Clause 4: Guarantee of continued judicial independence
17. Clause 4 places a duty on Ministers of the Crown (including the Lord Chancellor), and all others with responsibility for matters relating to the judiciary or otherwise to the administration of justice to uphold the continued independence of the judiciary. It also sets out two particular duties that are to be exercised for the purpose of upholding that independence.
18. The first is a duty on Ministers of the Crown not to seek to influence particular judicial decisions through any special access to the judiciary. "Special access" refers to any access over and above that which might be exercised by a member of the general public. So the duty does not, for example, limit what may be said on a Minister's behalf in court in the course of presenting a case to the court in the usual way.
19. The second duty requires the Lord Chancellor to have regard to the need to defend the continued independence of the judiciary, the need for the judiciary to have proper support to enable them to exercise their functions, and the need for the public interest in matters relating to the judiciary or otherwise to the administration of justice to be properly represented in decisions affecting those matters. This clause should be read in conjunction with Part 1 of the Courts Act 2003, which sets out the duty of the Lord Chancellor to ensure that there is an efficient and effective system to support the carrying on of the business of the courts of England and Wales.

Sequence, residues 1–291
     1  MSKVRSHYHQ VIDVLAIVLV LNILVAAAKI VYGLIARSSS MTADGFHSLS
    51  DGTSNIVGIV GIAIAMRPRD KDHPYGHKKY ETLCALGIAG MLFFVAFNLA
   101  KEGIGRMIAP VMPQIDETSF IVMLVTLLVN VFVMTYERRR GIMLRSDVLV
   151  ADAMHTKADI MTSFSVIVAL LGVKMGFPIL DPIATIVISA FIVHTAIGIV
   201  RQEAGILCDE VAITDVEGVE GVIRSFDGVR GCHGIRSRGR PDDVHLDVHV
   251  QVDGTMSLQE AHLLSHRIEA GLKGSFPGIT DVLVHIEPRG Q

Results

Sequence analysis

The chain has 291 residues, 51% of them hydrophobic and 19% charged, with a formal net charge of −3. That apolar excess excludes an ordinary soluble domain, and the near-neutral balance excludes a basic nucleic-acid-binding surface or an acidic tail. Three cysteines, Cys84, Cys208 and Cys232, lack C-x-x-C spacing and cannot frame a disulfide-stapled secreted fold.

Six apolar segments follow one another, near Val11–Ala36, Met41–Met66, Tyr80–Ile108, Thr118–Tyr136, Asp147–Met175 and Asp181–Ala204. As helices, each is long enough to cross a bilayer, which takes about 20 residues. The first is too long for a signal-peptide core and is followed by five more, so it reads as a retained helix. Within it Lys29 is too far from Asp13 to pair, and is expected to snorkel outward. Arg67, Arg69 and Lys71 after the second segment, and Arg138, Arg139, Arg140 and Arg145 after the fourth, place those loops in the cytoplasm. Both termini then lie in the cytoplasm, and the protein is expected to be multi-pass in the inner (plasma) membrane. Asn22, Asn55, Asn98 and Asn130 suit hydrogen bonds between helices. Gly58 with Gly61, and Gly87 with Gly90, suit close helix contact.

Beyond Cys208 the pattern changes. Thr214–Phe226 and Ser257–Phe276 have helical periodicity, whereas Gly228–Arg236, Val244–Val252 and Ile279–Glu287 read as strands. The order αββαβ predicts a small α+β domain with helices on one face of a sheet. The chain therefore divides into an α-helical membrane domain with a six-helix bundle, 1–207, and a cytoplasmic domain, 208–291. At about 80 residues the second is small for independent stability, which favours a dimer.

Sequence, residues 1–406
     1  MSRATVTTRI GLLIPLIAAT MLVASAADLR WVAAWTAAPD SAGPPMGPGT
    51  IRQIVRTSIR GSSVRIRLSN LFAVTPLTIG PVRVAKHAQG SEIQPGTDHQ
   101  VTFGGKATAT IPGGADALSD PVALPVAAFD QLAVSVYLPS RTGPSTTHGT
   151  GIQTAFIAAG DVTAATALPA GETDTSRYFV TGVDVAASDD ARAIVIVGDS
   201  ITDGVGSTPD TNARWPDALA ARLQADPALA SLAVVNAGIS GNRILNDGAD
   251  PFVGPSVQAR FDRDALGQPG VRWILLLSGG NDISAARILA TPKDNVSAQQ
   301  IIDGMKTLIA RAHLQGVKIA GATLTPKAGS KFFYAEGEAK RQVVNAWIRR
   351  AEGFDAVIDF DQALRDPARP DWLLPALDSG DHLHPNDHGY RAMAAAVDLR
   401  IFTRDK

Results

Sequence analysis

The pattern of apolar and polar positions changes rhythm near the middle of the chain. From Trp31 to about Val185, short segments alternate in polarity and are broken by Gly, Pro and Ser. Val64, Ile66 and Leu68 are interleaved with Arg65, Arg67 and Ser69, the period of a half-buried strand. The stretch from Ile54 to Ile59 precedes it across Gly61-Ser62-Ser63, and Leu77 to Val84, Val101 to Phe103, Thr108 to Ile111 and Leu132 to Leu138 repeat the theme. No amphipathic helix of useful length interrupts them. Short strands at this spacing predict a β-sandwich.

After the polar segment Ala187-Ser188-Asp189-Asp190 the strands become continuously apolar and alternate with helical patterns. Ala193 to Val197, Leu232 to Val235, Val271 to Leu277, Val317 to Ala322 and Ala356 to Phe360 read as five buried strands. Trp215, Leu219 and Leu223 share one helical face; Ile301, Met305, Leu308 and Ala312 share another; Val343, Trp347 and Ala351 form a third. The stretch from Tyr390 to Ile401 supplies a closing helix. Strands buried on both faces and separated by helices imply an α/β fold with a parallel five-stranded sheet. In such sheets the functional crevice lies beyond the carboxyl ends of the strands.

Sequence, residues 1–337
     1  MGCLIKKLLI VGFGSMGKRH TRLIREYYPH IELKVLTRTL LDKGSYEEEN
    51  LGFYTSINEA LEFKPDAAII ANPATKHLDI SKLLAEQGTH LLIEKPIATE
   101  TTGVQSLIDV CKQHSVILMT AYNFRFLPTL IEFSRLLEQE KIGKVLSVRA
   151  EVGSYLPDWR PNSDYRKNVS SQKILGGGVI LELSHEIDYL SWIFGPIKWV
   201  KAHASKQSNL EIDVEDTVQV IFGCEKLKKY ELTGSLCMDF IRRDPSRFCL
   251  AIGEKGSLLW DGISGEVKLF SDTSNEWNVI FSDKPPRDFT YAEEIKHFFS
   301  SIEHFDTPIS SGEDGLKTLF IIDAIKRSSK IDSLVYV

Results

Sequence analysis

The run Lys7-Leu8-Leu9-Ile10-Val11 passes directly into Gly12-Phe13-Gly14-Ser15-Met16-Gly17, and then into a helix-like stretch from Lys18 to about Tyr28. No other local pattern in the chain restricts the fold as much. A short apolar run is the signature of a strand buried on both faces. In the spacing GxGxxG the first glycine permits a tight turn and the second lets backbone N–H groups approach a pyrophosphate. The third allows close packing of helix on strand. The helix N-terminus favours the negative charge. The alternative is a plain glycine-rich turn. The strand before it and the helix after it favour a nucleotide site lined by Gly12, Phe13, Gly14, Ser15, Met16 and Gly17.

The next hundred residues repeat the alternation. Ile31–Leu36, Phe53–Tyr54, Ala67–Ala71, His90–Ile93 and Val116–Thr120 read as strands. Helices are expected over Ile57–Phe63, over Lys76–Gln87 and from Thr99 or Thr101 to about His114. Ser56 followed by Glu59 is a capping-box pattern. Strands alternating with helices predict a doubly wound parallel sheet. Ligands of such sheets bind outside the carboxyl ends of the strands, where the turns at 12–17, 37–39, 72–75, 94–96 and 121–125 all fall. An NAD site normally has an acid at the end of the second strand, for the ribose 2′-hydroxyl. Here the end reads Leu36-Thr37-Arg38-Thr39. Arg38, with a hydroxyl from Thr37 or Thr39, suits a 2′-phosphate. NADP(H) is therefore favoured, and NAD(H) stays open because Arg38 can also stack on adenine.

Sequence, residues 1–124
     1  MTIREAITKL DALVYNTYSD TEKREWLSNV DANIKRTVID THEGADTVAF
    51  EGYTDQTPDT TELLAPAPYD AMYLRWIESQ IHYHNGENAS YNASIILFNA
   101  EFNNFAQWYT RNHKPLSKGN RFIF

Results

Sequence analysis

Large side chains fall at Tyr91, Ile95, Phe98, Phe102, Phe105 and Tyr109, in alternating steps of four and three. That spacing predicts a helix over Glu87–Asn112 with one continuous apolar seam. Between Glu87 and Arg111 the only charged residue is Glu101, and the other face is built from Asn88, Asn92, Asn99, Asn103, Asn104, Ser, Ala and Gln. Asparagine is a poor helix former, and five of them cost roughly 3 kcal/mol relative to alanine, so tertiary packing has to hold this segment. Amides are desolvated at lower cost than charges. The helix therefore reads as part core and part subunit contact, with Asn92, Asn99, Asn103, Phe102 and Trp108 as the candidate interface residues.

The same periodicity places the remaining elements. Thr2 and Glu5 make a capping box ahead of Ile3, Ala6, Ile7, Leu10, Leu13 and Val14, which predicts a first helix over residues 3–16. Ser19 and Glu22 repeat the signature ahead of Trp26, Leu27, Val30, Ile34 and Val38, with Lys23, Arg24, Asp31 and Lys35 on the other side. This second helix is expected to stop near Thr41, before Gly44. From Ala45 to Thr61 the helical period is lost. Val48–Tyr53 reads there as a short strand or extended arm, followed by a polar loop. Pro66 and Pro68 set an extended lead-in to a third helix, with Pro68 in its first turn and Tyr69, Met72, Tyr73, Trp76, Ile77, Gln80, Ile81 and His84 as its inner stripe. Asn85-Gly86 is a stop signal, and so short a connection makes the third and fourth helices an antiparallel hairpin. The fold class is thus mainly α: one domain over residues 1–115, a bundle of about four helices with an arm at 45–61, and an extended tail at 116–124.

Clause 5: Guarantee of continued judicial independence: Northern Ireland
20. Clause 5 substitutes a new section 1 of the Justice (Northern Ireland) Act 2002 to ensure that the provision made by that Act in relation to Northern Ireland is consistent with the provision made by Clause 4 of the Bill.
21. Section 1 of the 2002 Act, which has not yet been commenced, already contains provision designed to place those with responsibility for the administration of justice in Northern Ireland under a duty to uphold the continued independence of the judiciary. The new section 1 specifies and extends the range of persons upon whom the duty is imposed. Under the new section, the First Minister, the deputy First Minister, Northern Ireland Ministers and anyone with responsibility for the judiciary or the administration of justice specific to Northern Ireland, will be subject to the duty to uphold judicial independence. The new section will also provide that in upholding judicial independence, Ministers must not seek to interfere with particular judicial decisions through any special access to the judiciary. The duties imposed by the new section 1 have UK-wide territorial extent and include the judiciary throughout the United Kingdom.
Clause 6: Representations to Parliament